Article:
If you want to escape the rat race, then the toughest hurdle to overcome is to change your mind - to see the current system for what it is - a mug's game. Time and again I meet people who could escape the rat race but who *choose* not too, because they are still totally invested in the ways of thinking about work and life that came into being with the start of the industrial revolution. This book does a great job at shattering those illusions.
For those that are able, with the help of this book, to gain some perspective, then the actual path to escape is relatively straight forward. Spend a heck of a lot less than you are doing now, quit your job, get rid of the mortgage, live frugally. There are plenty of practical ideas in this book for those ready to escape and be free, and even more if you follow the copious links to further references contained within.
It has been said you can do anything if you know the "why", this book is an entertaining, well written, humurous, and thoroughly researched attempt at providing that. The historical aspects that are covered may seem irrelevant to people who feel something is wrong with their current life, but remember the book's objectives, to change mindset is an important one. The historical context of why things are the way they are is an important part of the anti-dote to our "consumptive" economic system.
If you are looking to make some fundamental changes in your life, and work less, have more fun and be happier, than I would whole-heartedly recommend this book.
While there are some good observations and it does get you thinking about the motives of the large corporations that many of us find ourselves working, the author fails to see that many people gain a lot of satisfaction from work with many working in vocational jobs clearly already not concerned about making money . I think any employee of a supermarket would be quite insulted by some of the authors comments. If i ever meet Tom he can buy me in recompense for the fiver i spent on this book.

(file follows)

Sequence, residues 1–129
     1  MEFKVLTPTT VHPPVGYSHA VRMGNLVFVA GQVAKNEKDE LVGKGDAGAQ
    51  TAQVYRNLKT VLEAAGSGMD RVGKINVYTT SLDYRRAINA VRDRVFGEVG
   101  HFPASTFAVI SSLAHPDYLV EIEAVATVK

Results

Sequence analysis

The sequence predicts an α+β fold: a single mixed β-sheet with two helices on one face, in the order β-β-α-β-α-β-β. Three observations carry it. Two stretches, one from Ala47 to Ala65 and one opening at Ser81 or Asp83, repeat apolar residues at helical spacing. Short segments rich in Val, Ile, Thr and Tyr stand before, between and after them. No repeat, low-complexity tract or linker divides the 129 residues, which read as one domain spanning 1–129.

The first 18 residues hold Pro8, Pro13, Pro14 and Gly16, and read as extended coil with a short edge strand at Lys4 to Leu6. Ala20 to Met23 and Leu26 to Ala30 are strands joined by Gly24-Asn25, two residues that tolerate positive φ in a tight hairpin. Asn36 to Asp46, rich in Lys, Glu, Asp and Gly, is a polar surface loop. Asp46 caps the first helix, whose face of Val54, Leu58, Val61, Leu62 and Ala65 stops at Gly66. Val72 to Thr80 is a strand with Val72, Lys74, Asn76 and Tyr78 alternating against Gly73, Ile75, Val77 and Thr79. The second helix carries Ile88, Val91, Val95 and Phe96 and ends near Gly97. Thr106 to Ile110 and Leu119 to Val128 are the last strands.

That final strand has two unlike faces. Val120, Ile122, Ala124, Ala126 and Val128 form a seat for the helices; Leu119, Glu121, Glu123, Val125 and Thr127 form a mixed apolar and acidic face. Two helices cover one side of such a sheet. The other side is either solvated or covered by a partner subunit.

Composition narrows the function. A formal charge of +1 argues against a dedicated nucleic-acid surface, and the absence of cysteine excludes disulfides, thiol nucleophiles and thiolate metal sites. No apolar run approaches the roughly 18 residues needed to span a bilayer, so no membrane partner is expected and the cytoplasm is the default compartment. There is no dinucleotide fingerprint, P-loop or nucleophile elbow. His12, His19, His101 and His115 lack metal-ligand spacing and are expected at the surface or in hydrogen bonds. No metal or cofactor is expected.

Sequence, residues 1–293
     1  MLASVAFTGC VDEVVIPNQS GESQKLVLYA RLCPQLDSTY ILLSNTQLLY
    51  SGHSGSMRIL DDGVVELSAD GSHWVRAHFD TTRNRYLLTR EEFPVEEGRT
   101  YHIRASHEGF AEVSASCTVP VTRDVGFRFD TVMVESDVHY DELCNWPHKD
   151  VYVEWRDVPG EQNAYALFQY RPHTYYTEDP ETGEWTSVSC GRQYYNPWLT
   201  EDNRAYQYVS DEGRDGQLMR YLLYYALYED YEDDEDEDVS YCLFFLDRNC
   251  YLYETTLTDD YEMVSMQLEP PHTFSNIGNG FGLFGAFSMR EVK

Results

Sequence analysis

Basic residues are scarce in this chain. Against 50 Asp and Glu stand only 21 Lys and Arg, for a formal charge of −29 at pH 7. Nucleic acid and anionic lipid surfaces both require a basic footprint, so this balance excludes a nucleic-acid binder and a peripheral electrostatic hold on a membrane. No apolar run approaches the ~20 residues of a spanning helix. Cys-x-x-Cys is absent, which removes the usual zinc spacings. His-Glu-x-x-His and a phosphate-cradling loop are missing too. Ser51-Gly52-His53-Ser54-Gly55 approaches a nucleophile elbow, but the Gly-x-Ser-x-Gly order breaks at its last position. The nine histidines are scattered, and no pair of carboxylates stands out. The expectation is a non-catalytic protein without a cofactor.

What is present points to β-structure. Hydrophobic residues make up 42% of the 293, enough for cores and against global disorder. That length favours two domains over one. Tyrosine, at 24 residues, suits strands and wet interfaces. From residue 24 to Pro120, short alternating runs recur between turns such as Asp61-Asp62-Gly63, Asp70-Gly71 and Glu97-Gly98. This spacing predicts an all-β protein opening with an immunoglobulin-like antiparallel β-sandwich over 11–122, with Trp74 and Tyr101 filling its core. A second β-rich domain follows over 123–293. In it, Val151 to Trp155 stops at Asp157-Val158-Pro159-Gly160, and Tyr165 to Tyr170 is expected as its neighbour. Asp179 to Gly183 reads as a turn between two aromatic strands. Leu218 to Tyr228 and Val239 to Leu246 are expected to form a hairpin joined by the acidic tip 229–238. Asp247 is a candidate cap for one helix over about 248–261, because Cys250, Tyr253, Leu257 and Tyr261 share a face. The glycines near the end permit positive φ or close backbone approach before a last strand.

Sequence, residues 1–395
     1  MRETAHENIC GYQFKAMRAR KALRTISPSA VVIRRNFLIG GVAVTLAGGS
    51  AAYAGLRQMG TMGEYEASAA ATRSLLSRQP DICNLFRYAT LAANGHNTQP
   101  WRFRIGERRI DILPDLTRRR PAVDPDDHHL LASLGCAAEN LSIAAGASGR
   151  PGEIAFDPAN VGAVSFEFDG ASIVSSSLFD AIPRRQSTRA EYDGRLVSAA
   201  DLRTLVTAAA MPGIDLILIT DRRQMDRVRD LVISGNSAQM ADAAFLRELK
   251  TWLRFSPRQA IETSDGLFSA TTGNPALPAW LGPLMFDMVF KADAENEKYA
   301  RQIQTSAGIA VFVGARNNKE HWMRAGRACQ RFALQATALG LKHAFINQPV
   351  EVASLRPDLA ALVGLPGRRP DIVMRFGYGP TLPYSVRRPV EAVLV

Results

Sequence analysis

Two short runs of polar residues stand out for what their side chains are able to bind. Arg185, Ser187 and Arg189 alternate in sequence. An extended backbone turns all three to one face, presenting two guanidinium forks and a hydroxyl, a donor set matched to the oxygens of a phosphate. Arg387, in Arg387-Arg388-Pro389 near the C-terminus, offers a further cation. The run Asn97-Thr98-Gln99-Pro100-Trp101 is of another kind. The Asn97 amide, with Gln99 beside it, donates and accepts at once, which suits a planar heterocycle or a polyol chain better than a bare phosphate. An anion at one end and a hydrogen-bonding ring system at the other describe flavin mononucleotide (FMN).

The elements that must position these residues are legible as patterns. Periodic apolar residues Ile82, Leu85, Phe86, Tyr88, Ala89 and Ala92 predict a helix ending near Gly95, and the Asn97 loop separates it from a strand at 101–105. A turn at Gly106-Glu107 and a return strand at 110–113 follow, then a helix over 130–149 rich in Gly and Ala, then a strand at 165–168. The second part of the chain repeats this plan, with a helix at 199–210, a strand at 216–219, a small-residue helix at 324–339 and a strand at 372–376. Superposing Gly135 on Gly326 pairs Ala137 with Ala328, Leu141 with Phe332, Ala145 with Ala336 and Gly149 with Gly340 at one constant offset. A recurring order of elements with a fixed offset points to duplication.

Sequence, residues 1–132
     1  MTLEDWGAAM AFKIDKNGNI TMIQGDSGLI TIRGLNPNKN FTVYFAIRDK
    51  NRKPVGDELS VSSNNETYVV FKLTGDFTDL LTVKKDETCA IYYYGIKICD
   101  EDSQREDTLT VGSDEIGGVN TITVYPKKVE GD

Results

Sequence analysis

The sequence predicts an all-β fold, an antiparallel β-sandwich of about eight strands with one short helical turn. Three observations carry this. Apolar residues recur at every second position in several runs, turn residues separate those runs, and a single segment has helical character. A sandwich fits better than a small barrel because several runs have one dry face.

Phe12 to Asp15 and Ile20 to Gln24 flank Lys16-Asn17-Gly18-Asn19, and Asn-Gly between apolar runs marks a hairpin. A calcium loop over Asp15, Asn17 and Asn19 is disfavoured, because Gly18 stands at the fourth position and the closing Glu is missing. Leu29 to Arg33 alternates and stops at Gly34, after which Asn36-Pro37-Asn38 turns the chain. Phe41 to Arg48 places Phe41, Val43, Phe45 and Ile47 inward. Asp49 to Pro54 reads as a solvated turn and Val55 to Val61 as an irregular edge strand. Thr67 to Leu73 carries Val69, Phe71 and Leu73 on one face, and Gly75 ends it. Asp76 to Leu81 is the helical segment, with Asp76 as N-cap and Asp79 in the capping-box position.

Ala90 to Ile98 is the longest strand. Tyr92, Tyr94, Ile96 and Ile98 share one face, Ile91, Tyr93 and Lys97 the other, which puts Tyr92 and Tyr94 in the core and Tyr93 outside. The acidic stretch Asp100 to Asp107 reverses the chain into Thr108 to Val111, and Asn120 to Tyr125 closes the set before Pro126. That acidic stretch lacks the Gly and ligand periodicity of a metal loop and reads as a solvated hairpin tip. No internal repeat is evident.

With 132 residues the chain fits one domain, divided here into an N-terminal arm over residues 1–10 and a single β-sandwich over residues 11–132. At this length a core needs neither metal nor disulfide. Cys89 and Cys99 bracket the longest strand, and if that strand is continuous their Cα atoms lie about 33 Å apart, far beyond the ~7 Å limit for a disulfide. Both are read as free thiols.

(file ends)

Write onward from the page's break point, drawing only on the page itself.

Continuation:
Top international reviews
Habe nach der Lektüre drei weitere Bücher von ihm gekauft; das zweitbeste: How to be idle!
Übrigens reicht aufgrund der Überschneidungen eines der beiden Hodgkinson Bücher: Entweder How to be idle oder How to be free - wobei ich dem idle den Vorzug geben würde.
What's boredom anyway? How come whatever we do we always come back to the boring state? Boredom is where life is happening. Entertainment is always short lived, just try repeat the same joke for ten minutes. The place to be is between the walls, in the middle. After peaks come troughs, and vice versa, the only more or less stable state is in the middle. To be free of boredom, not craving entertainment is real freedom. Freedom is when you can sit for an hour and just be.
To the point. If Tom couldn't figure freedom out at the basic, spiritual - sorry, sounds corny - level, he has no business telling me about its other aspects.
So yeah, read the book, find out how to avoid paying unnecessary bills and why you should throw away your watch. There is some good advice here: stop competing, don't chase a career and stop compulsive shopping, among other things. However, all these things are external and secondary to the real freedom. Which , in my opinion, should come within. Once you arrive to the shore you don't need explaining that you don't need the oars.
So, three stars from me. For which Tom should not get too ticked off, he is free from opinions I suppose. Just joking. The book is a good but missed attempt of defining personal freedom. You won't lose much reading it.